Sometimes I look down at the bars of other riders, and things look more like the flight deck of a 747 jet than a bike. All too often, people ride and rely on those devices and their pre-conceived plans, almost in a ritualistic way, even if they really don’t really feel like it. For me, that would mean that things have gone too far, way too far for my own sanity and enjoyment.
Modern-day life already involves way too much virtual online time out of working necessity. Throw in the seemingly obligatory “social media” presence we’re led to believe is essential to exist, and things do become a tad 1984’ish (and not in a new romantic kind of way).
Surely the mental health benefits of riding free from technology and based on your own personal feel, plus doing so without any self-perceived obligations, must hold some appeal?
Naturally, people are very different. Some people are driven by numbers, and some are not - but can still find themselves drawn into the belief that they need to be stat laden to validate and improve their riding game. This is simply not the case unless you want it to be that way and find some comfort and reasoning in it, that is. All of those stats and the GPX files, sure they have practical use; but are they really worth overdosing on?
You can always write things down on paper if you want to keep a personal record for training purposes, or maybe even add them to a spreadsheet. Perhaps it could be based on how you feel and how long you were out rather than chasing statistical targets.
The feel-good factor of riding device and stat free is still out there. This approach may not be for everyone, but then again, it may be even more rewarding than hitting those statistical targets and snaring the odd segment result.
Before riding with a GPS, I always rode the same repetitive bike lanes for safety. In France, car & trucks drivers are not used to bikes on open roads, you can get passed very closely by trucks (and their drag…). So, GPS planning and guiding has allowed me to explore new roads pre-vetted by other bikers. Safety wins, adventure too.
Also, I'm a lightweight and out-of-shape guy. Riding with HRM allows me to know how far I'm pushing myself and gives me the ability to manage the effort to be able to finish the ride. HRM and apps also tell me that my 80 km ride has burnt more than 3000 kcal, which is more than what I eat on a regular day (my BMI is 17.5…, 3000 kcal off is not something to take lightely).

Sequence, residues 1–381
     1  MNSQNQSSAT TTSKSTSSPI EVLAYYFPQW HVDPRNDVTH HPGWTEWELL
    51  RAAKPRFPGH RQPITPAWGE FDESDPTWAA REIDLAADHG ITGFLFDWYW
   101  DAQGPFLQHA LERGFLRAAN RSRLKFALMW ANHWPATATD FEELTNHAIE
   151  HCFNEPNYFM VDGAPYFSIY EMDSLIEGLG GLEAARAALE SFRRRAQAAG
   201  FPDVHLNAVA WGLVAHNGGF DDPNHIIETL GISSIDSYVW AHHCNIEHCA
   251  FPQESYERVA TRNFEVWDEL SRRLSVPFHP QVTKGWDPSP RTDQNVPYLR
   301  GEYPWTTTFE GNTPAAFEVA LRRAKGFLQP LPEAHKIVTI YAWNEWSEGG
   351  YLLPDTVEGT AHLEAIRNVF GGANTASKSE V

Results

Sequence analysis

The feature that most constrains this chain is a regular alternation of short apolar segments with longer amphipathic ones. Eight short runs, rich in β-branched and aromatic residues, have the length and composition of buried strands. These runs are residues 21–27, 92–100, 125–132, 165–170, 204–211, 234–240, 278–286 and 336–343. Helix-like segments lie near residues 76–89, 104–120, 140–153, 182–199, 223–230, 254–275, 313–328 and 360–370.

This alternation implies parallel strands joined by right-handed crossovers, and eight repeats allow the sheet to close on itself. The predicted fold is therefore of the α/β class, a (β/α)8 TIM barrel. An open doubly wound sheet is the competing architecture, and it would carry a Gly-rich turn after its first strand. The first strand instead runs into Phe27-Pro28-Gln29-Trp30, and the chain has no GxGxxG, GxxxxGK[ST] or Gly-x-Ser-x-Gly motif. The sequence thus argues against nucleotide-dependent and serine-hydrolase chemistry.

Now, I'm a software developer and tech/gadgets/apps give me no thrill. It seems I'm one of the few people left who can have a smartphone in the pocket and not take a look at it for 2 days without experiencing withdrawal syndrom. So I use all these toys in a purely utilitarian fashion.
Nevertheless, having GPS and HRM has allowed me to try new stuff I wouldn't have dared before, in a relative safety. So, maybe you don't need them if you had the opportunity to start biking seriously before roads got so busy, and you know your body, your limits, and all the roads around your home, but for guys like me, who had no mentor and started alone, they are of great help to get a baseline of what we are able to achieve without harm.
While the basic premise of this feature (that it can be more fun riding without worrying about stats) is reasonable, I'm not convinced the rest of the argument follows. Yes some people use a head unit to track their stats, and this may be linked to power monitors, heart rate monitors and the like (I note that those supplementary devices would not take up any additional bar space).
However, GPS head units can also be useful for navigation - that is certainly the main reason I use mine (although I admit the rides do then get uploaded to Strava...).
But getting rid of the GPS wouldn't leave me with bare bars, and pretty much everything else on my bars are for safety. Looking at the devices in the header picture of this article, you have lights and cameras - both of which I use for safety (admittedly a camera might not prevent accidents occuring, but it can be useful to report dangerous driving to the police, and to have evidence if the worst should happen). I don't take the cameras for exclusively off-road riding. I also have a bell, which is useful on shared paths or trails.